City designates East Flatbush’s first historic district
The New York City Landmarks Preservation Commission on Tuesday designated East Flatbush’s first historic district: a remarkably intact and cohesive group of 56 Renaissance Revival-style row houses, LPC writes.
The East 25th Street Historic District extends along both sides of East 25th Street between Clarendon Road and Avenue D.
It owes its exceptional cohesiveness and strong sense of place, LPC says, to three major factors: its construction within a very short time frame by a single developer, its architectural consistency, and its excellent historic integrity.
All of the houses were built by a single developer, the Henry Meyer Building Company, between 1909 and 1912 and were designed by the Williamsburg firm Glucroft & Glucroft in the Renaissance Revival style.
Each house is of one of four types, with either a limestone or brownstone front and rounded or angled bay. All of their main facades remain essentially intact.
“The designation of the East 25th Street Historic District is a decisive win for all of us who fought to preserve history and deep family ties to District 45,” said Councilmember Farah Louis. “The City’s Landmarks Preservation Commission now recognizes the value of the centuries-old architecture and the advocacy of every individual who invests their time and resources to beautify our neighborhood.
“The predominantly Black and Caribbean homeowners can now rest assured that their properties are beyond the reach of developers,” she continued. “Together, we will continue to protect our homes against any attempt to destroy our community’s unique architecture, beginning with the Renaissance Revival-style rowhouses.”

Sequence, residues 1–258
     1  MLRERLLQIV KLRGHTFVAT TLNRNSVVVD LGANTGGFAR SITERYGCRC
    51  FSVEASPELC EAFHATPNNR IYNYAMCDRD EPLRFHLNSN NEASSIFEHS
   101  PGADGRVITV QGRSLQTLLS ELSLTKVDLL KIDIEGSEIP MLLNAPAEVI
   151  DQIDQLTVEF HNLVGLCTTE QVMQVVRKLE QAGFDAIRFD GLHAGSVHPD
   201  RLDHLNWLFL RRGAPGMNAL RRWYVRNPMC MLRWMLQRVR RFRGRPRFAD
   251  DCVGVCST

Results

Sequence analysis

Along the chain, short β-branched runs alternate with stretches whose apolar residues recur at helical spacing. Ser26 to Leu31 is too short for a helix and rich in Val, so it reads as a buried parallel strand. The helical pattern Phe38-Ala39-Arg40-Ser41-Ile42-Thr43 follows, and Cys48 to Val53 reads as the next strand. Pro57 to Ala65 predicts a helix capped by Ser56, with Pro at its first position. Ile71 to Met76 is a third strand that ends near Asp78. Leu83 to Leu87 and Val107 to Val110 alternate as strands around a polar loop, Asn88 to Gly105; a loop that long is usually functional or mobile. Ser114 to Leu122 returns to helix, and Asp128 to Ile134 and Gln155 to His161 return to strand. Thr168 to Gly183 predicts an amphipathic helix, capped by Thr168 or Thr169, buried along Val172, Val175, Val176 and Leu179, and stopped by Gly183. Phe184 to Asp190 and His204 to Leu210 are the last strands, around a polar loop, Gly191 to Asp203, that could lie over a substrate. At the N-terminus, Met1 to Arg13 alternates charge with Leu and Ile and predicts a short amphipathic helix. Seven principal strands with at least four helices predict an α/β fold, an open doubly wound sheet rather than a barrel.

During their early years, the houses were owned and occupied by the families of white merchants and other upper-middle-class professionals. Notable early residents of the historic district included suffragist Nellie Marshall, and the influential executive director of the Port Authority Austin Tobin.
In recent years, the houses’ ownership has come to reflect Flatbush’s increasing diversity, especially the growth of its Black and Afro-Caribbean communities, which grew significantly in the 1970s and 1980s.
The area has been voted the “Greenest Block in Brooklyn” four times.
“During a time of so much uncertainty, we’re overjoyed that the Landmarks Preservation Commission has shown their commitment to preserving our block through historic designation,” said Julia Charles, Chair of the East 25th Street Historic District Initiative. “The beauty of our diverse community lies in the pride of its people. It is this spirit that enables homeowners the fortitude to preserve our century old homes with delicate care for years to come.”
“The 300 E 25th St. Block Association hope that our community’s work and preservation legacy will be further solidified by the homes that we leave intact for future generations,” said Carol Reneau, Co-President of the 300 E 25th St. Block Association.
“This well-deserved designation, located in a part of the city previously underserved by landmark protections, is entirely due to the remarkable organizing efforts and dedication of its residents and community leaders, and to the Landmarks Commission’s flexibility and adaptation in pursuing preservation during a pandemic,” said Simeon Bankoff, executive director of the Historic Districts Council. “This is a great step forward for landmarks in New York City and an example that just because a community might not be able to gather, it can still unite.”
“Through this designation, the Commission is recognizing both the architectural quality and the residents’ incredible stewardship of their historic homes and their block,” said LPC Chair Sarah Carroll. “I have been so impressed by how the historic architecture drew people to this block and how their community spirit has grown stronger through their collective efforts to green, beautify and preserve it.
“This designation exemplifies the intersection of historic preservation and community, which is very rewarding,” Carroll added.
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